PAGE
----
Tennessee Speaker of the House Glen Casada said on Thursday he favors legislative oversight into how and why Williamson County Schools are conducting “white privilege” in-service training for teachers this academic year, in apparent violation of state law.
Appearing on The Tennessee Star Report with Steve Gill and Michael Patrick Leahy – broadcast on Nashville’s Talk Radio 98.3 and 1510 WLAC weekdays from 5:00 am to 8:00 am – Casada did not mince words when asked by Gill his position on such legislative oversight.
Gill posed the question about legislative oversight to Casada about five minutes into the interview.
“To me, Glen, the fact that the legislature passes a law that says you have to submit a plan [for in-service training] , and then they [Williamson County Schools] just blatantly ignore it, it seems like the oversight that you guys have talked about doing more of in the past, I know you’re in the middle of a legislative session and it’s like drinking water from a fire hose, but as soon as the session is over, that might be the time to do some oversight of how come we’re not requiring the submission of an actual plan [for in-service training of ‘white privilege’ by Williamson County Schools],” Gill said. (emphasis added)
“And I agree. The state has a very definite role. We fund local government and we help them do well for the citizens of Tennessee. They in turn have an obligation to comply with state law. So I do think there will be some oversight and a push for further deep oversight on things like this,” Casada responded. (emphasis added)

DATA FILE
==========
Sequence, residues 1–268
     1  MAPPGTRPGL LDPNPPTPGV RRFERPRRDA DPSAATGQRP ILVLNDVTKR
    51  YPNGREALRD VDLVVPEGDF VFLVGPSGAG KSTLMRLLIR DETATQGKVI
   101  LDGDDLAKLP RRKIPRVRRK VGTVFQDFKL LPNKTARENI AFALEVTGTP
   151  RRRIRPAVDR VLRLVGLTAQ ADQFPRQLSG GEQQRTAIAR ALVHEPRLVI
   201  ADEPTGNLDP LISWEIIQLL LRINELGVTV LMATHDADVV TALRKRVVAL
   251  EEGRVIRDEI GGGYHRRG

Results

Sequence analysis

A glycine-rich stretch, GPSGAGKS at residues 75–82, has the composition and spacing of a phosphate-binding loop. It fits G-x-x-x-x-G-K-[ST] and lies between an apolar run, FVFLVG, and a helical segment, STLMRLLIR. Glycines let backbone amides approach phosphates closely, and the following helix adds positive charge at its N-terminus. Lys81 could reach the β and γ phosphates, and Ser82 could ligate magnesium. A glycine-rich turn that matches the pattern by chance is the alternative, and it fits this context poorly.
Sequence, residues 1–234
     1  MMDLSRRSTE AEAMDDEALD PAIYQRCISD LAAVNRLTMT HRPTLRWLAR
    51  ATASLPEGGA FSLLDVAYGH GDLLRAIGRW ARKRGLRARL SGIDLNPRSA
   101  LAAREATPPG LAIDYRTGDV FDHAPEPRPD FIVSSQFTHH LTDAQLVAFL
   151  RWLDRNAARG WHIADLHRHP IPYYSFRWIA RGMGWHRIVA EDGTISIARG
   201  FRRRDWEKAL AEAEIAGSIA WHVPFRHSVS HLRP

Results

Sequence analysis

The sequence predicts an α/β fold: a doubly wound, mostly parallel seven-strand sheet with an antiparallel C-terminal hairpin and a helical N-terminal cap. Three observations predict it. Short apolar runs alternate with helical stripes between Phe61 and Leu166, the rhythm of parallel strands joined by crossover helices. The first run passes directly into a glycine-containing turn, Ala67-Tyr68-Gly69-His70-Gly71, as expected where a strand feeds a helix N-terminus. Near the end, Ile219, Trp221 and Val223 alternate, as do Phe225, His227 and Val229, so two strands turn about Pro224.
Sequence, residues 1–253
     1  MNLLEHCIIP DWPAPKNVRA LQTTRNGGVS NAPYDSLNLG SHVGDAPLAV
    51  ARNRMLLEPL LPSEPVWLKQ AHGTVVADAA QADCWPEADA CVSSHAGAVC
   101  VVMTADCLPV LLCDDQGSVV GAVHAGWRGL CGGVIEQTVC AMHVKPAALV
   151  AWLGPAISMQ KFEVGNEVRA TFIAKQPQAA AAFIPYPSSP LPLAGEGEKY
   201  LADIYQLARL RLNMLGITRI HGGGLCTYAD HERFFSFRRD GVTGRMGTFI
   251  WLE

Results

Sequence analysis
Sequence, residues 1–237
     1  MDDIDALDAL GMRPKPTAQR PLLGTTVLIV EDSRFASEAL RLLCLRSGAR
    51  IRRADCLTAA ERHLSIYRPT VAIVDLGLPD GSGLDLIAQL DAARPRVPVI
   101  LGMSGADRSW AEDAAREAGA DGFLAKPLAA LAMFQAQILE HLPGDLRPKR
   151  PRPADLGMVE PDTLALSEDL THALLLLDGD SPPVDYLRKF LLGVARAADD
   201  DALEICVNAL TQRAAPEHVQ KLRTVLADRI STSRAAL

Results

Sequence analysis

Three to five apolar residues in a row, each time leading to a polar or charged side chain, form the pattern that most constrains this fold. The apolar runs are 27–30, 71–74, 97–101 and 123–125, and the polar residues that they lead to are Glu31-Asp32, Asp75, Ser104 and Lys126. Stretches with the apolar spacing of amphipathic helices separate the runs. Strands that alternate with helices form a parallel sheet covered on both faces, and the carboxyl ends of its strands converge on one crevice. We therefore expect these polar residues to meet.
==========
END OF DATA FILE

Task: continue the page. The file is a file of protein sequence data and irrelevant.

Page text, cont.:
Co-host Michael Patrick Leahy introduced the issue of the Williamson County Schools “white privilege” in-service training a few minutes earlier in the interview:
Leahy: Speaker Casada this is Michael Patrick Leahy. I don’t know if you’ve had a chance to take a look at our lead story today. But our lead story is a smoking gun. The Tennessee Department of Education document that shows the Williamson County Schools is delivering its ‘white privilege’ in-service training in violation of state law. We asked the state to provide a copy of the plan, approved for in-service training in Williamson County. And they finally delivered something that Williamson County submitted. It’s not a plan, it’s a calendar which is very different.
Gill: The details of their in-service training is as much detail as when spring break occurs.
Leahy: Yeah. It’s not an in-service training plan (Casada chuckles) which would be detailed. And of course, ‘white privilege’ is very controversial and very divisive. That’s the reason that the Tennessee General Assembly, the governor, put this provision of law into effect. Now given that. Do you think it would make sense I think to have some sort of investigation into how this ‘white privilege’ training was introduced into Williamson County schools?